The WHO gives COVID variants Greek alphabet names to avoid stigma
The World Health Organization announced Monday a new naming system for COVID-19 variants that uses letters from the Greek alphabet.
Why it matters: Health officials have been concerned that the strains' scientific names, comprising numbers and letters, are leading people to refer to them by the place they were detected, such as the "U.K. variant" for B.1.1.7, which the WHO notes in a Twitter post "is stigmatizing & discriminatory."
- The WHO's COVID-19 technical lead Maria Van Kerkhove said in a statement Monday, "No country should be stigmatized for detecting and reporting variants."
- The WHO said that while the labels don't replace the scientific names, referring to them with letters of the Greek alphabet in public discussions makes it easier for people to say and remember.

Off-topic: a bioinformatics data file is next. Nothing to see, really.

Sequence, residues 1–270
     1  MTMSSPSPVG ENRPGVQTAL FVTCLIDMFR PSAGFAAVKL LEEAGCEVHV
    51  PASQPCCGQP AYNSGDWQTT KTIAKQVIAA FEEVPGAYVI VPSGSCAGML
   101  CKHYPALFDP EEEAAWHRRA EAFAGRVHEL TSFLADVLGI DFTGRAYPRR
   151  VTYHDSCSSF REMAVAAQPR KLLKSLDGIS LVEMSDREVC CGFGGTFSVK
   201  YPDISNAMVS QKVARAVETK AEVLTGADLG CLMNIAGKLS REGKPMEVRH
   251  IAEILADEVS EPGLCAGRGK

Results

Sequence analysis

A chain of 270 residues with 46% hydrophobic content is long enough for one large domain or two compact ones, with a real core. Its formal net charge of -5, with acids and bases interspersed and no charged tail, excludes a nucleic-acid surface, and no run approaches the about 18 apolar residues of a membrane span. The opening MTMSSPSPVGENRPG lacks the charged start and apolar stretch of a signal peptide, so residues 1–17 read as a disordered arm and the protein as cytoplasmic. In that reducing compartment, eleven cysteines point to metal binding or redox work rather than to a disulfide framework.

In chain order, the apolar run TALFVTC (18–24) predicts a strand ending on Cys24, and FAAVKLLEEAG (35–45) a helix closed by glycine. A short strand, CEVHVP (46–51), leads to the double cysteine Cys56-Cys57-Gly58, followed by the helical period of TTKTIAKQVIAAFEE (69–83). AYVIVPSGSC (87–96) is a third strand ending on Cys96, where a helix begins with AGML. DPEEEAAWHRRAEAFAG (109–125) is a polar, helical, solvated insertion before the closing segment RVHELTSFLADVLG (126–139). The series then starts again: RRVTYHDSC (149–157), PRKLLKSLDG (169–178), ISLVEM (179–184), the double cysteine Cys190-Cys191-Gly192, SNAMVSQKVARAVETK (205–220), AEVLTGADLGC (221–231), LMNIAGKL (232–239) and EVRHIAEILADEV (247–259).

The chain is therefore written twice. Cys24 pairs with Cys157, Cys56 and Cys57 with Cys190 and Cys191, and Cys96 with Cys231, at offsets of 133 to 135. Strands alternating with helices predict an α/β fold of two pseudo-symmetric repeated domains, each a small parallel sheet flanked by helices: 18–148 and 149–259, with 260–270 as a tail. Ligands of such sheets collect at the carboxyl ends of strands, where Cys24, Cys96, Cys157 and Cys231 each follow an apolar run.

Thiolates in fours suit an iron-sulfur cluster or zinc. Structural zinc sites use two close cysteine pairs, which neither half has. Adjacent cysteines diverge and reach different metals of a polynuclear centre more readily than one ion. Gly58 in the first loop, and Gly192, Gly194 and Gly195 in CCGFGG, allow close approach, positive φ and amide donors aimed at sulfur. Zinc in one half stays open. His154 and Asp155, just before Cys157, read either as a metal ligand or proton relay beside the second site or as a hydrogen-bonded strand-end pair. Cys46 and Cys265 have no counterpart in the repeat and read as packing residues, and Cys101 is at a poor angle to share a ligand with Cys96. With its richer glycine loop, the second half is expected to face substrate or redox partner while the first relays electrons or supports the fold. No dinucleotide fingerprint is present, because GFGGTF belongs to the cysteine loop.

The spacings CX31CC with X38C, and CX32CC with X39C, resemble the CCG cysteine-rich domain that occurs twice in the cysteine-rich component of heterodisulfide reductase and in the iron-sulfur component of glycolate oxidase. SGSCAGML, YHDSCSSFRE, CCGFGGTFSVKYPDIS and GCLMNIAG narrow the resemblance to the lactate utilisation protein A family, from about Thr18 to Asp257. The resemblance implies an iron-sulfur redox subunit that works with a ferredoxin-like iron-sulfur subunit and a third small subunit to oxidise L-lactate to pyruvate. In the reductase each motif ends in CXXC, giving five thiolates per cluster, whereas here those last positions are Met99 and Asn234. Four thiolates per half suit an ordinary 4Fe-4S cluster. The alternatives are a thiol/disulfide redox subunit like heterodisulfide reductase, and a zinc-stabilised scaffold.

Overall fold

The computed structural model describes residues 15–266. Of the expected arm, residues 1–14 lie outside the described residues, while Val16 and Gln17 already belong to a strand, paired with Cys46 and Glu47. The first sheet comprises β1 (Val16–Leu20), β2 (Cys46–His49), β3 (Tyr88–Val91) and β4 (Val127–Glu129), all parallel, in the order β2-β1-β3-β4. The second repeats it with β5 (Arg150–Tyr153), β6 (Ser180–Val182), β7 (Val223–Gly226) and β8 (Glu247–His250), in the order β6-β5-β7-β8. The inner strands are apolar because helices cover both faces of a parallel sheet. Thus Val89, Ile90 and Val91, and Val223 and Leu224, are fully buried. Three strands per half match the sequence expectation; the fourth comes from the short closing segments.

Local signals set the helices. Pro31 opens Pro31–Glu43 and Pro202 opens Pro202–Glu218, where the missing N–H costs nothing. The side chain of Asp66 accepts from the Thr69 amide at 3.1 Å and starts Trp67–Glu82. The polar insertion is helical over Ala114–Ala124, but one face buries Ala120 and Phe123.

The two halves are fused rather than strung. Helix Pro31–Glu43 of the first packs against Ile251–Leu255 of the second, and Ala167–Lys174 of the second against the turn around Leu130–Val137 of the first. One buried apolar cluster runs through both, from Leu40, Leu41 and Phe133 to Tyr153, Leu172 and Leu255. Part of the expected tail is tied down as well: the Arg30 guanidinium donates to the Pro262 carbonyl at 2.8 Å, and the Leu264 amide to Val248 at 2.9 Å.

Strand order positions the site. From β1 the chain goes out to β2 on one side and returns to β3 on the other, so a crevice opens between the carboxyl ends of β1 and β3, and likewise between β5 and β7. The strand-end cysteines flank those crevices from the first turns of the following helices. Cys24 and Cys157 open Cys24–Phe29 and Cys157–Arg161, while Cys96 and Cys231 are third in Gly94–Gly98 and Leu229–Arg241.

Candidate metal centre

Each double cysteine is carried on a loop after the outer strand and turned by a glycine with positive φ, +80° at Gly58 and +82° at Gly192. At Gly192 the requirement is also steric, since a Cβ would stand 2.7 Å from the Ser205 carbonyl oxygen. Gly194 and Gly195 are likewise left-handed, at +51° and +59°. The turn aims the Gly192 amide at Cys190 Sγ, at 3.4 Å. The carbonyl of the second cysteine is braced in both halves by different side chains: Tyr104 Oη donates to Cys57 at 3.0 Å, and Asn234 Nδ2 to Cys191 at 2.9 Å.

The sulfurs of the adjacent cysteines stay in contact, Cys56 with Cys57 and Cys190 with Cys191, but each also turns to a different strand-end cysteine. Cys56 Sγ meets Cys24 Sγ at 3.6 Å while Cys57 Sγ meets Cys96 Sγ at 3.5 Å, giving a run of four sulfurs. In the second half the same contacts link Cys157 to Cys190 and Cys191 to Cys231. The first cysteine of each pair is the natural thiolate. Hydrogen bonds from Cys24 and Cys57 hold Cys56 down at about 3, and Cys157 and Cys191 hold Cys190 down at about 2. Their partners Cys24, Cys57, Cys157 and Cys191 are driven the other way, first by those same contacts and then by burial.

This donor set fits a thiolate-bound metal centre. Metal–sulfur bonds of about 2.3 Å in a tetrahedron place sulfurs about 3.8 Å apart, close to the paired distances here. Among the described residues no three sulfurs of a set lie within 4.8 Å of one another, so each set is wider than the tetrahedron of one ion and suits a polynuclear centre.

How it works: Under the new system the WHO is encouraging countries to call variants of concern by the following names during public discussions:
- B.1.1.7 becomes "Alpha;" B.1.351, first detected in South Africa, is now "Beta;" P.1, first found in Brazil, is "Gamma and; B.1.617.2, first detected in India, is called "Delta."
"Variants of interest" take the following new public names:
- B.1.427/B.1.429, first detected in the U.S., takes the name "Epsilon;" P.2, first found in Brazil, becomes "Zeta;" B.1.525, detected in "multiple countries," is called "Eta;" P.3, which originated in the Philippines, is "Theta;" B.1.526, first identified in the U.S., is now "Iota" and; B.1.617.1, first detected in India, is referred to as "Kappa."